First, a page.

February 9, 2012

Md. foreclosures since 2006: Almost 50,000

Mortgage firms have foreclosed on about 49,600 homes in Maryland since the final days of the inflating housing bubble in January 2006, real estate data firm CoreLogic says. That's about 23 homes per day.

Just over 20,000 of those completed foreclosures were on homes in the Baltimore metro area, the company says. (National numbers here.)

It's difficult to get good statistics on the number of done-deal foreclosures. The Mortgage Bankers Association's quarterly survey of delinquent mortgages tracks most of the market, but only to the point of the foreclosure process pre-auction. Not every homeowner who starts down the road to foreclosure ends up losing his or her property. And sometimes homes go in and out of that process several times.

Factoid: Mortgage servicers foreclosed on 3,400 homes statewide last year, about 1,400 of them in the Baltimore region. That's well under the six-year average -- not surprising. We've seen the effects of slowdowns in the wake of the robo-signing revelations in a variety of different measures. This is just the latest.

Speaking of robo-signing: Maryland Attorney General Douglas F. Gansler decided to sign on to the settlement with banks over such practices, a deal that gives Maryland nearly $1 billion for various purposes -- including principal reduction -- but means his office cannot pursue civil liability claims involving mortgage origination or servicing misconduct.

More in Hanah Cho's story here. (Many thanks to Hanah for handling this while I'm out.)

Posted by Jamie Smith Hopkins at 8:05 AM | | Comments (0)
Categories: The foreclosure mess

February 6, 2012

Proposal would help state keep banks from getting homeowner tax breaks

A reader wrote in the other day because she discovered that her former neighbor's house, foreclosed on several years ago, is still listed in public records as if he owns it and lives there. She wondered whether the foreclosing bank has been reaping property tax breaks all this time because the home is on the books as owner-occupied.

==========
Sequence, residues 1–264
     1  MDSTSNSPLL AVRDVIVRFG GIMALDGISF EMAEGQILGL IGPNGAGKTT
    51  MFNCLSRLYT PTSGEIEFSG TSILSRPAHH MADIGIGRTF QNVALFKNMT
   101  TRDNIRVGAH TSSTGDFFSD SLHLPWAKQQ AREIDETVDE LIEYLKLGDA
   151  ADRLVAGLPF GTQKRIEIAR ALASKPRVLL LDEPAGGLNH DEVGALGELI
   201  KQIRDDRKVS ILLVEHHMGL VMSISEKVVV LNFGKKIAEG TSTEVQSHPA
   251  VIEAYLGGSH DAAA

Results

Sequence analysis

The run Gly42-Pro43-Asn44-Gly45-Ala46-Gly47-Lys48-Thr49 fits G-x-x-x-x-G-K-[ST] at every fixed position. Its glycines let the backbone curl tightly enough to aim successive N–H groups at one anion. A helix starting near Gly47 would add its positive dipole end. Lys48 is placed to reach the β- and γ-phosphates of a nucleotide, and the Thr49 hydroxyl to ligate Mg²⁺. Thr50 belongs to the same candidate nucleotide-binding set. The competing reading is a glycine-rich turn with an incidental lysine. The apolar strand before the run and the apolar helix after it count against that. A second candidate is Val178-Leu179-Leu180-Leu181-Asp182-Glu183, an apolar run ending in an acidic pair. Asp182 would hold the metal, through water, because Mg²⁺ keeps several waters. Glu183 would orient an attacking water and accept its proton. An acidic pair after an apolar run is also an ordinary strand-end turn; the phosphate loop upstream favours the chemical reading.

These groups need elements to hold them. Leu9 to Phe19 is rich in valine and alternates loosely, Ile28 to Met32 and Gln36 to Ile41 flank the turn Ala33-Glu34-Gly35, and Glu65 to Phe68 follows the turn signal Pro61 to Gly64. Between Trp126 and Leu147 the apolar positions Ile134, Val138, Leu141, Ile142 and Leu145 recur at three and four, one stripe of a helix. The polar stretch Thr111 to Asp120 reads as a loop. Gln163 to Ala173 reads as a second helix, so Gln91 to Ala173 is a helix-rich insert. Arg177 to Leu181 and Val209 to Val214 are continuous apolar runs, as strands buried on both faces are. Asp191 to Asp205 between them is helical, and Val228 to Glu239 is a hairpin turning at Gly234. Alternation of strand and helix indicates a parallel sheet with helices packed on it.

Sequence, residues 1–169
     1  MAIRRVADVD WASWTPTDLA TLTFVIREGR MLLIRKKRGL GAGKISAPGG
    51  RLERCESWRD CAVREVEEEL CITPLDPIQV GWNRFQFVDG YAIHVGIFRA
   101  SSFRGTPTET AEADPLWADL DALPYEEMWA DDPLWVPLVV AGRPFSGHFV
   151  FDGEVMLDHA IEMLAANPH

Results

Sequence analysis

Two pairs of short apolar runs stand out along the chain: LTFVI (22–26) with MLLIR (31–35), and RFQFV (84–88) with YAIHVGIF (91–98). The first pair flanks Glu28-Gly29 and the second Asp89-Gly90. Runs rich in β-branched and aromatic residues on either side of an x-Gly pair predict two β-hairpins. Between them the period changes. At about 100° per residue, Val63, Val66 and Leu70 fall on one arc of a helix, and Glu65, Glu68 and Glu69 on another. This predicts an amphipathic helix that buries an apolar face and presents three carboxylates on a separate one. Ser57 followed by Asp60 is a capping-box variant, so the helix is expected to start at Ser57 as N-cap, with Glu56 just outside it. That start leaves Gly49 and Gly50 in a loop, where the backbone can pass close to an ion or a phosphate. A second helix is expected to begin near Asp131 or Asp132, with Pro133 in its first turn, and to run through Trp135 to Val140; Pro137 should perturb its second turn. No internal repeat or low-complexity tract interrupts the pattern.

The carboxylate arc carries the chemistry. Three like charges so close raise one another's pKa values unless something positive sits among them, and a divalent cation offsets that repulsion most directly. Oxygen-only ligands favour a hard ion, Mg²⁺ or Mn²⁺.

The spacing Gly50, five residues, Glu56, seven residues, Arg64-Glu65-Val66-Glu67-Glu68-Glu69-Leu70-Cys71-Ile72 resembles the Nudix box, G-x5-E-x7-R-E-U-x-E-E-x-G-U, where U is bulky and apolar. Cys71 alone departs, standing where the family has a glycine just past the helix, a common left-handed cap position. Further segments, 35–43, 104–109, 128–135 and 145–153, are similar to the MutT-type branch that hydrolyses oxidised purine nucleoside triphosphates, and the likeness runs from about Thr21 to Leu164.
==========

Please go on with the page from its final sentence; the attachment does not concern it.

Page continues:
This is not an unusual problem. State officials say mortgage servicers are taking months, sometimes years, to take title to foreclosed property, leaving it in a sort of limbo that makes it difficult for neighbors and officials to determine who's actually responsible for the property.

But I don't think anyone knows just how many times this has happened -- or how much money local jurisdictions have lost as a result of Homestead Property Tax Credits doled out after the homeowner who qualified became a former homeowner. The state Department of Assessments and Taxation relies on title transfers to strip the credits from properties.

State Sen. Richard F. Colburn, an Eastern Shore Republican, tried last year to require deed recordation within 60 days after a foreclosure is ratified by the court, but the bill died in committee.

Now legislation before the Senate judicial proceedings committee would give the assessments agency another way to figure out which homes aren't homestead-eligible because they've been foreclosed on.

Continue reading "Proposal would help state keep banks from getting homeowner tax breaks" »

Posted by Jamie Smith Hopkins at 6:00 AM | | Comments (3)
Categories: Property taxes, The foreclosure mess

February 2, 2012